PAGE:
1. To represent to one's self, or state to another, not as true or real, but as if so, and with a view to
some consequence or application which the reality would involve or admit of; to imagine or admit to exist,
for the sake of argument or illustration; to assume to be true; as, let us suppose the earth to be the center
of the system, what would be the result?
Suppose they take offence without a cause.Shak.
When we have as great assurance that a thing is, as we could possibly, supposing it were, we ought
not to make any doubt of its existence.Tillotson.
2. To imagine; to believe; to receive as true.
How easy is a bush supposed a bear!Shak.
Let not my lord suppose that they have slain all the young men, the king's sons; for Amnon only is dead.2 Sam. xiii. 32.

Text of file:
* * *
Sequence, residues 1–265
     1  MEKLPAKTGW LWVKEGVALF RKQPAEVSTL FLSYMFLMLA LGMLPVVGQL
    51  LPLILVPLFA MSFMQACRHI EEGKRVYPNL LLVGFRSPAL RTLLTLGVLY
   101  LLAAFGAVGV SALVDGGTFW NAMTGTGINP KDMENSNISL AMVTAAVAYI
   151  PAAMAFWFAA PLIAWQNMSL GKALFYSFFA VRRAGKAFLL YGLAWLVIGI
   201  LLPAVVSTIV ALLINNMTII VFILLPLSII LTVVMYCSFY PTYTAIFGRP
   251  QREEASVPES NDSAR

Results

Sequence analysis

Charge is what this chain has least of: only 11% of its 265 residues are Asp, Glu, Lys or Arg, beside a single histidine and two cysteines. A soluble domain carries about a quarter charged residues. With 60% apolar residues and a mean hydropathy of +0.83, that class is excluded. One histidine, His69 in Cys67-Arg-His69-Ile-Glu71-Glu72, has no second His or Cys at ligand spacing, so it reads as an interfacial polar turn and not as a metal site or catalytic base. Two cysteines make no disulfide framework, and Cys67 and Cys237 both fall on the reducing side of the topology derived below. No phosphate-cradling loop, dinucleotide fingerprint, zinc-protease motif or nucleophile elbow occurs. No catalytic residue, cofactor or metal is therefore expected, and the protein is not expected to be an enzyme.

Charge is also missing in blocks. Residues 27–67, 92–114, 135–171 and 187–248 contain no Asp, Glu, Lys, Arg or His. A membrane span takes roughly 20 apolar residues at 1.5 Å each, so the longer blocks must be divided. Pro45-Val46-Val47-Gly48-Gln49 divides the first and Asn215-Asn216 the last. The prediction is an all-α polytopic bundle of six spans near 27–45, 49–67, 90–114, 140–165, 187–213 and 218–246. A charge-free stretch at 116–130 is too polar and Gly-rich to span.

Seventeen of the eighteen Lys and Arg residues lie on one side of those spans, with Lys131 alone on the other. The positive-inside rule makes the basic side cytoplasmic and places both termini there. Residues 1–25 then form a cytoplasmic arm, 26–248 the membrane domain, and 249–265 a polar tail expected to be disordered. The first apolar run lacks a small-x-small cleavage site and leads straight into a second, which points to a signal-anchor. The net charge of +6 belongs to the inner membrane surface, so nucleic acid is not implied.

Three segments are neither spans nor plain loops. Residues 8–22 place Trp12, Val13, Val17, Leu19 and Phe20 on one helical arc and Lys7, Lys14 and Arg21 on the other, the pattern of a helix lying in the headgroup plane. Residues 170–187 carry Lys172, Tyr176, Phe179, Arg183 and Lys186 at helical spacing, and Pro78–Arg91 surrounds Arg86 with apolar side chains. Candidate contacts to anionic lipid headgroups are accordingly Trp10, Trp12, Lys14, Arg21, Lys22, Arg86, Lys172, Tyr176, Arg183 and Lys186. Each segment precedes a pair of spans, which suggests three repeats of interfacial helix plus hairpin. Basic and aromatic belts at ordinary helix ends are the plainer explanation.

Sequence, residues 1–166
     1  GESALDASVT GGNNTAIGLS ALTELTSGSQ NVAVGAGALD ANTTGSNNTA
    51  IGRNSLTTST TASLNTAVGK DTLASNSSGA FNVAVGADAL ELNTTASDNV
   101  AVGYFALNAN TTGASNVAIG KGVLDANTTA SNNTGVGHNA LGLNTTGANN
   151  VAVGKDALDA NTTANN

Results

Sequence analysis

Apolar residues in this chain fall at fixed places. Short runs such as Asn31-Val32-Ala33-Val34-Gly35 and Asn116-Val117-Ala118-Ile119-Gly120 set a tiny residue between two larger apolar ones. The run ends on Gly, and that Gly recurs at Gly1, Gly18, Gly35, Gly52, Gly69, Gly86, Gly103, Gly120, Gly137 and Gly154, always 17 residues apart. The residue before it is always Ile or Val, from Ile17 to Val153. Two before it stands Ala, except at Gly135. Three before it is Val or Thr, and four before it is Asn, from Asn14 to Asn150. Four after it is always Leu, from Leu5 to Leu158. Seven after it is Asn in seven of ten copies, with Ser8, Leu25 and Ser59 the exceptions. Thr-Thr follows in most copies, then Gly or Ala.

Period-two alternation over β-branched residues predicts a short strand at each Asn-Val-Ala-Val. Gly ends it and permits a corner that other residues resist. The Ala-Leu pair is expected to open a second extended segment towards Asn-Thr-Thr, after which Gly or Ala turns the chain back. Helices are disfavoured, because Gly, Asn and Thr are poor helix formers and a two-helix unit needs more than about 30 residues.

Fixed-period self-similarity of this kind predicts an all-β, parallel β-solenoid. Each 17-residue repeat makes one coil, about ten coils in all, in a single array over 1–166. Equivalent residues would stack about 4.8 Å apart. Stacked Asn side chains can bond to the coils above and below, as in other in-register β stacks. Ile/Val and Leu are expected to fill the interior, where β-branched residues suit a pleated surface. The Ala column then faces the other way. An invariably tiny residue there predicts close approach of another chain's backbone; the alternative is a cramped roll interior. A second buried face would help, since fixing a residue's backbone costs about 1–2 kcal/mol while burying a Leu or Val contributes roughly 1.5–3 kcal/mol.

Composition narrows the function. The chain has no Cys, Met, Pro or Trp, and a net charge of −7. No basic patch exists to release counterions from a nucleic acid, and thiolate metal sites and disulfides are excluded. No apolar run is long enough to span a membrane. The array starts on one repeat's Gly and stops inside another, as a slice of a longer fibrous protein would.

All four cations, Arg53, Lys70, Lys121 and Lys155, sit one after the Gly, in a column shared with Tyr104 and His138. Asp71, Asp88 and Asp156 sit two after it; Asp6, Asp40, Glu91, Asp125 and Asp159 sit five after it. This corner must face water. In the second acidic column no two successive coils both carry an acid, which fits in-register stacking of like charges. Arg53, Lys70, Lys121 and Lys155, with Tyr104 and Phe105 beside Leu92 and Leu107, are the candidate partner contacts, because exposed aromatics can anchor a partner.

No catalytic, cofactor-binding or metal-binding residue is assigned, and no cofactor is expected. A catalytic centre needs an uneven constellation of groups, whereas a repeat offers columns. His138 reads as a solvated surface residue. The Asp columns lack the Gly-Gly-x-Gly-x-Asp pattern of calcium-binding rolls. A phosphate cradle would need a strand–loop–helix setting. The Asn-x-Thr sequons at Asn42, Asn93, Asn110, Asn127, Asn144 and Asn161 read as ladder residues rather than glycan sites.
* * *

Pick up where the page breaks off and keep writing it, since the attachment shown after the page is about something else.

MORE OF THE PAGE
3. To require to exist or to be true; to imply by the laws of thought or of nature; as, purpose supposes
One falsehood always supposes another, and renders all you can say suspected.Female Quixote.
4. To put by fraud in the place of another. [Obs.]
Syn. To imagine; believe; conclude; judge; consider; view; regard; conjecture; assume.
(Sup*pose") v. i. To make supposition; to think; to be of opinion. Acts ii. 15.
(Sup*pose"), n. Supposition. [Obs.] Shak. "A base suppose that he is honest." Dryden.
(Sup*pose"er) n. One who supposes.
(Sup`po*si"tion) n. [F. supposition, L. suppositio a placing under, a substitution, fr. supponere,
suppositium, to put under, to substitute. The word has the meaning corresponding to suppose. See
Sub-, and Position.]
1. The act of supposing, laying down, imagining, or considering as true or existing, what is known not to
be true, or what is not proved.
2. That which is supposed; hypothesis; conjecture; surmise; opinion or belief without sufficient evidence.
This is only an infallibility upon supposition that if a thing be true, it is imposible to be false.Tillotson.
He means are in supposition.Shak.